Weiss is taking steps to ensure that the company will stay true to its roots in the future: He's already hand-picked his successor. Raffael will take over Weiss' dual roles as artistic director and CEO starting with the 2019–20 season. Although Weiss will hand off the day-to-day operations, he will remain involved with the company, choreographing and teaching. His choice of Raffael reflects both men's goal of upholding and expanding upon what's been built. "Zalman is committed to preserving the large repertoire of work we have," he says. "I want it to continue to be a choreographer's company, so that's why I picked a successor who will be that, while taking the company to the next level as the city and community grow."

Carolina Ballet At a Glance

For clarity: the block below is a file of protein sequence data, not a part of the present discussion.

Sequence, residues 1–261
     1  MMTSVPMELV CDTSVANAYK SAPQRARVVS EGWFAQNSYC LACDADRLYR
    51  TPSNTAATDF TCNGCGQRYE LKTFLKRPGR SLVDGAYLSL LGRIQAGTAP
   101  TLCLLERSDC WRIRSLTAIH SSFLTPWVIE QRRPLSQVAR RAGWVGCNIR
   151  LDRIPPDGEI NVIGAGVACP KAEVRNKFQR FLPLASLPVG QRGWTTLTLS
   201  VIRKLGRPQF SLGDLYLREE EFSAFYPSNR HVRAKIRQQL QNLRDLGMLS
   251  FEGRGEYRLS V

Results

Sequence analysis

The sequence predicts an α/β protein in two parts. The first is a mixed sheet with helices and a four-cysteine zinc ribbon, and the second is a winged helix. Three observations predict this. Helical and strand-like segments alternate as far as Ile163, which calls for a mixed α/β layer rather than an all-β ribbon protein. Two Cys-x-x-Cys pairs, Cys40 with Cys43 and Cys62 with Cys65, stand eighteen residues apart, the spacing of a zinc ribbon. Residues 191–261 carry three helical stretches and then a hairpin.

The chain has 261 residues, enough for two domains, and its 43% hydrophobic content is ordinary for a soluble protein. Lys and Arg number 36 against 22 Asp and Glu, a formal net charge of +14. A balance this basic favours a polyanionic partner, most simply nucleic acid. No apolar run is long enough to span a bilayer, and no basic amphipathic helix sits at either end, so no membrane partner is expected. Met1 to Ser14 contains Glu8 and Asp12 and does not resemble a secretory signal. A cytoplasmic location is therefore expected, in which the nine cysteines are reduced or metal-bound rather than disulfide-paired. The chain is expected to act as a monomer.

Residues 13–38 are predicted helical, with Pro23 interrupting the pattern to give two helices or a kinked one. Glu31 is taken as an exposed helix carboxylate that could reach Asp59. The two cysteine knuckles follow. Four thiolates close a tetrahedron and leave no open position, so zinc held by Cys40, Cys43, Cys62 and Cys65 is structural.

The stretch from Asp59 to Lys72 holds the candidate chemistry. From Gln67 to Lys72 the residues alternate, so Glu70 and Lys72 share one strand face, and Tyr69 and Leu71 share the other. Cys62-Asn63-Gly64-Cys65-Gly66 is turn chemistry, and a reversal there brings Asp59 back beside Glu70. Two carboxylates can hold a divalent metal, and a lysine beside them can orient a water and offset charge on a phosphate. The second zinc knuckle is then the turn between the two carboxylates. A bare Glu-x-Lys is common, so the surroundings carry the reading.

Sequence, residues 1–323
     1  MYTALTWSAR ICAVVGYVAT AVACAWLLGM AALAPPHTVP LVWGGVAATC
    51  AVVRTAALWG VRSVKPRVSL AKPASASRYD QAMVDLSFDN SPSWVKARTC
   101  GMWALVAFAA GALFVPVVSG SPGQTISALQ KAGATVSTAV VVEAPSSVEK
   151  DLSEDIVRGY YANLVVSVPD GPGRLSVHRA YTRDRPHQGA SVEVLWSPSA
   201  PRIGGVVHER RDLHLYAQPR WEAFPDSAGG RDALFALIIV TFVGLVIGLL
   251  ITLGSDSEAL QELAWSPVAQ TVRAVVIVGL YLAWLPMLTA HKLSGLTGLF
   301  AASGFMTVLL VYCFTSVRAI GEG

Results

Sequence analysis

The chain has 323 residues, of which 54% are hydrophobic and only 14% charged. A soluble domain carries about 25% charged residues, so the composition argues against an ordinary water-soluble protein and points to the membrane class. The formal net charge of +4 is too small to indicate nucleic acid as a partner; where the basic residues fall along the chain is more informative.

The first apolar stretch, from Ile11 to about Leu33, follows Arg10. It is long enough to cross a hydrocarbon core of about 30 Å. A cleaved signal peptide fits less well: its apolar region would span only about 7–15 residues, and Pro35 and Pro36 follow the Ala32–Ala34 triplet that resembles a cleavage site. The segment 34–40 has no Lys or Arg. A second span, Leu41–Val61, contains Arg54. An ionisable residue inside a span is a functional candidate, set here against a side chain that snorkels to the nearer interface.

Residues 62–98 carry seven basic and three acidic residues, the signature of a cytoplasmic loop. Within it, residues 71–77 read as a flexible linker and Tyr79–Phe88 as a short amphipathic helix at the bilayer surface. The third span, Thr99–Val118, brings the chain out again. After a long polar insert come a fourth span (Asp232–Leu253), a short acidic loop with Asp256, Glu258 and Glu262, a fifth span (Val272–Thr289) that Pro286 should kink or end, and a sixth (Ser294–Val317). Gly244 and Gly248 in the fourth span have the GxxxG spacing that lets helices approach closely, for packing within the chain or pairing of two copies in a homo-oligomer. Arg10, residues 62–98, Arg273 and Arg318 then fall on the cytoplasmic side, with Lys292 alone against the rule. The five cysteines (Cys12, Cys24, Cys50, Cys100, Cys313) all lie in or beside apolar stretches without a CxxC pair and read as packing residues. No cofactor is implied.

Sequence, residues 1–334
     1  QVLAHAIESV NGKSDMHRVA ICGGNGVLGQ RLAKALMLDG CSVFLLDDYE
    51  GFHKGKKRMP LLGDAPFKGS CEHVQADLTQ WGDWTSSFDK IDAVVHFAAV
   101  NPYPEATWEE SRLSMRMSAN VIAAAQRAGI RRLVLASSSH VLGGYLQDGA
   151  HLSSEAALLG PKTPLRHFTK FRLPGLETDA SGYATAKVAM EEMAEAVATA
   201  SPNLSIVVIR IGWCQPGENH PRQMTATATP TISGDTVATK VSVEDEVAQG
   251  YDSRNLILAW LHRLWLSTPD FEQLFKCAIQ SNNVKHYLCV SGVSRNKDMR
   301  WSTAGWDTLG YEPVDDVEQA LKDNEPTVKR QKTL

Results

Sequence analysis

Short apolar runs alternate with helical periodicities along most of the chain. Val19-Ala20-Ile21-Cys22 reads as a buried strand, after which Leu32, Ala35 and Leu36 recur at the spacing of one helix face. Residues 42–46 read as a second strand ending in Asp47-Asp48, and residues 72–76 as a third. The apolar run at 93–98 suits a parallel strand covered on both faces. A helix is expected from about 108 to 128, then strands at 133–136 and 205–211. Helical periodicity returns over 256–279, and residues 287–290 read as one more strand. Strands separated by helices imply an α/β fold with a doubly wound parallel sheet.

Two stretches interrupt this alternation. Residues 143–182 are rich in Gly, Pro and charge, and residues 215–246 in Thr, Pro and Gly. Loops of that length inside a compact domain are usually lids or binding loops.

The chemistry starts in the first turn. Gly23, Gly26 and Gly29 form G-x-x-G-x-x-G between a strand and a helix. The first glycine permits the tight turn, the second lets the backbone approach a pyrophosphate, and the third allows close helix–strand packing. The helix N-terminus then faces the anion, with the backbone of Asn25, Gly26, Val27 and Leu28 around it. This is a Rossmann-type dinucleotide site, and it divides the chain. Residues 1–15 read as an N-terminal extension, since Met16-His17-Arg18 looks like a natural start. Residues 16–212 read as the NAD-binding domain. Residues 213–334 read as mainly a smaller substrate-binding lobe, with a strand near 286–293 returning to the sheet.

Number of dancers: 38, plus 1 trainee

Length of contract: 34 weeks

Starting salary: Contact company for info

Performances per year: 81

Website: carolinaballet.com

Audition Advice

While there are no open auditions, to be considered for an audition in company class send resumé, headshot, full-body photo and current video link to auditions@carolinaballet.com. "Obviously, we want the entire package: Someone who's artistically and emotionally sensitive and has the technical proficiency to translate that into physicality," says Weiss. "Even in young dancers, you can tell to some extent whether they have emotional depth and the disposition to develop it. I look to see who is really bringing themselves to the table."

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Chisako Oga photographed for Pointe by Jayme Thornton

Chisako Oga Is Soaring to New Heights at Boston Ballet